Last week the world wept. We mourned a tiny Syrian child who drowned. Only the father survived. He collapsed in tears and was unable to breathe after identifying his family. All he wanted to do was sit by their graves and didn't care if he died too.
Maybe you know this kind of pain. How long does this terrible heartache of grief last? Do we ever get over it?
It is different for everyone but it takes longer than most people think. It depends on your relationship, the circumstances coping style and more. Pure raw pain can last for weeks, subsiding to a deep exhausting ache but flaring up at any time. When my son Ben died, it felt like my arm and part of my heart had been ripped out and I was hemorrhaging emotionally. It felt like I had been flattened by a truck. Your strength is gone and often, so is your will to live.
The first year is like no other. Sometimes it feels unreal, like a vague nightmare, and other times, it is so real and the absence of our loved one so tormenting, that it crushes our heart till we can barely breathe. It is a time of rehashing our story over and over as we try to make sense of our world, our relationship and how this tragedy could have happened. Three months after Ben died, my manicurist only had to asked, “How are you” and my whole story poured out. We have been forced into a new life, one without our loved one. Some days we resolve to accept it and some days we hate it.
Do we ever get over it? My friend’s son was killed 20 years ago when he and other teenagers were “playing chicken” with an oncoming train. Her answer was, “Not really. But eventually you don’t think about it when you wake up first thing, but it doesn’t disappear. You loved them and that is forever.” Our love is so much a part of us that it cannot be carved out of the deep places in our hearts and histories. Nor do we want it to be, it is too precious.
The edges of grief soften as we heal but there still are moments. The Christmas after Ben died, I wept realizing my family Christmas photo was now me and Ben's gravestone. When I was invited to his friend's wedding, I sighed, thinking, “That should be Ben, so handsome, so happy with a stunning bride!”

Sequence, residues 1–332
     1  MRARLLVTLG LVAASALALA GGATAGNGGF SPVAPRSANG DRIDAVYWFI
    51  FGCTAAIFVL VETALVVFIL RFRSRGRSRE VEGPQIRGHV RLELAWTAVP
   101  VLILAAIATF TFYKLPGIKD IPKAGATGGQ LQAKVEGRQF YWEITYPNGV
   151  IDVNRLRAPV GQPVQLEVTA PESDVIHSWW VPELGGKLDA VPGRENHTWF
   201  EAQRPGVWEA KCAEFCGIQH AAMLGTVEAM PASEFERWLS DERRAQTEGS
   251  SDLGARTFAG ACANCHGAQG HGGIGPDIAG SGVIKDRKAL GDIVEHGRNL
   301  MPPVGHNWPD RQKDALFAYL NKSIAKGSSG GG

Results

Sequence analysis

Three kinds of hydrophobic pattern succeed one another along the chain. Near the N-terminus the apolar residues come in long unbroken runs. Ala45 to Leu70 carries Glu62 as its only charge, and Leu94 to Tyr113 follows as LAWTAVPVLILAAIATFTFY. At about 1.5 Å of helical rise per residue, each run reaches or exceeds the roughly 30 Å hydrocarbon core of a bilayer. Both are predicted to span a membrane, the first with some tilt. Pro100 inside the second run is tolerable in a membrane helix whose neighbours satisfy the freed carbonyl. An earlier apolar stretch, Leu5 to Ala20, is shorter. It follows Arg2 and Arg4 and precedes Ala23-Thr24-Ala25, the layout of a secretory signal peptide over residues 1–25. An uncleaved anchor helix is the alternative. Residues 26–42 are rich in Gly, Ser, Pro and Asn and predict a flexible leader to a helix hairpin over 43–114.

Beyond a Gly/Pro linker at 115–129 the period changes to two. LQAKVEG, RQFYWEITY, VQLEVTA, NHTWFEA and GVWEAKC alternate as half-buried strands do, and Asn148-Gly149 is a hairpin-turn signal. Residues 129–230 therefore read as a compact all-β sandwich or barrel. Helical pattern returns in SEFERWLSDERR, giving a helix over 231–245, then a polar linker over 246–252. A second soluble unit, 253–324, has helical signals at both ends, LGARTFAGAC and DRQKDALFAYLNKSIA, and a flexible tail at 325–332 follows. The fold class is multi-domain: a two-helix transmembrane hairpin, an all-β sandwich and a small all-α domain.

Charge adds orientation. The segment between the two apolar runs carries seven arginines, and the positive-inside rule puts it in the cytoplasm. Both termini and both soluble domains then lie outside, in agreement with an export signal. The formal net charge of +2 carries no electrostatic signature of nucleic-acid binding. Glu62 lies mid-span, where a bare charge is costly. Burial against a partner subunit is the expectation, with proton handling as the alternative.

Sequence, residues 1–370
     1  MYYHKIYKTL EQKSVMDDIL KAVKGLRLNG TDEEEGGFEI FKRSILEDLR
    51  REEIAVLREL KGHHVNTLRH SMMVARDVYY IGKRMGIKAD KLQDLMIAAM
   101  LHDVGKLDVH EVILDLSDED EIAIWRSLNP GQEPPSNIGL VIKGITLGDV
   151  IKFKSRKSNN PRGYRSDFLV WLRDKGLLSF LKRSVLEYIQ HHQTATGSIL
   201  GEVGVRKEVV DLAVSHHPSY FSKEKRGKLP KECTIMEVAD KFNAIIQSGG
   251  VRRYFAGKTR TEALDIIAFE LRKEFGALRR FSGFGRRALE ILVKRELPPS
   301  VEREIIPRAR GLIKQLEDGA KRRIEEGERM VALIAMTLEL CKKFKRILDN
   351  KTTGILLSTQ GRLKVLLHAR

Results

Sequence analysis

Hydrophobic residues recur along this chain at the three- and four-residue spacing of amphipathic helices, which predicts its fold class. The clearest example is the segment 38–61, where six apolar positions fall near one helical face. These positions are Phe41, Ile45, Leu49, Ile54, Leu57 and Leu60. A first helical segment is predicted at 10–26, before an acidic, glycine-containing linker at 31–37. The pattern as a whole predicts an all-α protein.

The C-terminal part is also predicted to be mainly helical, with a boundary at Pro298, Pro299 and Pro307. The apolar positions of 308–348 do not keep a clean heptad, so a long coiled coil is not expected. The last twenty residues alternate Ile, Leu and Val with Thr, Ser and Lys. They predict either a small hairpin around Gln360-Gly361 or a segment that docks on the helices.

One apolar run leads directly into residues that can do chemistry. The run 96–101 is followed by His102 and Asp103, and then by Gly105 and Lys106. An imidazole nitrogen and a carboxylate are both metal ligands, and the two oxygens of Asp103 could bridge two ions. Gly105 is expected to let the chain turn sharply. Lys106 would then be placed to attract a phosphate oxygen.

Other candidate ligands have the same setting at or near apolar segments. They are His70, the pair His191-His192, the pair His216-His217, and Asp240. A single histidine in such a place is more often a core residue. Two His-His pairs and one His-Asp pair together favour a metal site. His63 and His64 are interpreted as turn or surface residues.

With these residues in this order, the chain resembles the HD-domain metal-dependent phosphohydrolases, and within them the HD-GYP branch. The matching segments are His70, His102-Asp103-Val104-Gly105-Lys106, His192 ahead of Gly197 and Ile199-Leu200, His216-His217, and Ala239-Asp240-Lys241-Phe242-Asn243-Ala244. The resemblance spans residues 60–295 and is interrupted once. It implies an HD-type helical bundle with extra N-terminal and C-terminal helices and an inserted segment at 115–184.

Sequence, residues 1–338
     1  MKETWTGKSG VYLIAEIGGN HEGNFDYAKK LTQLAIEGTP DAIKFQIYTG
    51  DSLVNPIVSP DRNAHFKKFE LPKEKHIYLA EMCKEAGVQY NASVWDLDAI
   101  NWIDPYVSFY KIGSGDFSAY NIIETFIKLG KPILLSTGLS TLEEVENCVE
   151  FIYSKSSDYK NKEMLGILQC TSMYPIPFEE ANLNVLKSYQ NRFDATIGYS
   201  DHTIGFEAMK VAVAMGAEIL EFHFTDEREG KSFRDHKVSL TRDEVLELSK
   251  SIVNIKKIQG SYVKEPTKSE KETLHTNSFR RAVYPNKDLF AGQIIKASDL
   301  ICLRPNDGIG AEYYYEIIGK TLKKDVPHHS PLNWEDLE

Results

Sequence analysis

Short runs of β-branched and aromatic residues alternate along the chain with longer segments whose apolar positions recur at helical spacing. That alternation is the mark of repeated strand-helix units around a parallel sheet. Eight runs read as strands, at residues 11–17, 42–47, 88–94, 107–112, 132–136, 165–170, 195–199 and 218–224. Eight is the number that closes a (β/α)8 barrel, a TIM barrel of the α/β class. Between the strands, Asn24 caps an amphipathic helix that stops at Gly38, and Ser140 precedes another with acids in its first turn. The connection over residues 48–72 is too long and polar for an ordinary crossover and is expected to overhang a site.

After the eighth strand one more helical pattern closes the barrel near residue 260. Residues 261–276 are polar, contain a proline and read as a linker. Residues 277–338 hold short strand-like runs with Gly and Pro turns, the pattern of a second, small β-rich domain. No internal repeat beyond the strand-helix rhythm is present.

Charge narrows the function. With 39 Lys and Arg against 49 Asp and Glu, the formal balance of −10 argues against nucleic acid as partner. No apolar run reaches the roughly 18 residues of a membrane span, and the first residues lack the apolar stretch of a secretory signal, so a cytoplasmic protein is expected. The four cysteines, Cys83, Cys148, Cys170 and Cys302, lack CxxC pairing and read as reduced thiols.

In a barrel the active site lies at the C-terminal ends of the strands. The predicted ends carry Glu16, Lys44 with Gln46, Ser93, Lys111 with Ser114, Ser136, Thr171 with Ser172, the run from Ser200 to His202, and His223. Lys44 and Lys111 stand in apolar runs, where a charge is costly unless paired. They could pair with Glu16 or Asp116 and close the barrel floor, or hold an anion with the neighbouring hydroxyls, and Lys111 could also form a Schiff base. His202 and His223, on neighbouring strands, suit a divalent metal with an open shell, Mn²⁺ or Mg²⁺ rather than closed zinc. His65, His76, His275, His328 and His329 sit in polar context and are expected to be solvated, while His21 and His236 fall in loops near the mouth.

When I met his rugby teammate, Ryan, tall, athletic, sandy hair, just like Ben, he was holding his cutie patootie baby girl. I imagined this is what Ben would have looked like too if he lived to have a little daughter and it was sweet - and sad. We face life now with a desperate homesickness for our loved one and what might have been.
We Christians view death as a new life in heaven, a relocation, a dimensional change. The bible encourages us not to grieve as those without hope, but we do still grieve. Our loved one is not far, in the cloud of witness, cheering us on (Heb. 12:1). In fact, sometimes, I sense Ben’s presence right beside me. That’s so sweet and comforting but leaves me yearning for a fuller reality. Sometimes, he “turn ups” in shining white heaven-wear, complete with a sword, other times, t-shirt and jeans. Sometimes, I ask God to send him to help me with my computer problems, really. He was a such an amazing techy-wizard.
But sometimes, out of nowhere, the pain of missing him can strike like a dagger in my heart and I have a little cry before I go on again. That’s okay, “Crying is the most healing thing of all: It bathes us, hydrates us, baptizes us, and waters the ground at our feet, for new life to emerge. “ – Anne Lamott.
It may surprise some of you to hear that the grief of this Syrian father could take years - even with help. Others of you may already know it is true. Healing dawns gently, so long as we stay away from the pitfalls. We gradually give up with the unanswered questions and "if-onlys". When we tell our story, it is without the anguish and desperate heartbreak. Sad memories fade and better ones move forward. We have weathered the worst storm and we carry a precious and beautiful cargo in our hearts, a love that will never die.
Blessings, big hugs and keep moving forward,
For more helpful blog articles scroll down. Included are: Birthday Parties in Heaven, He is not here, Just tell Me What Happened and The Worst Nightmare plus helpful Renewing Resilience Tips.
If you are facing loss, get the support you need. For additional resources, including a no-obligation personal intake coaching session, Helga Bender MThS, click here.
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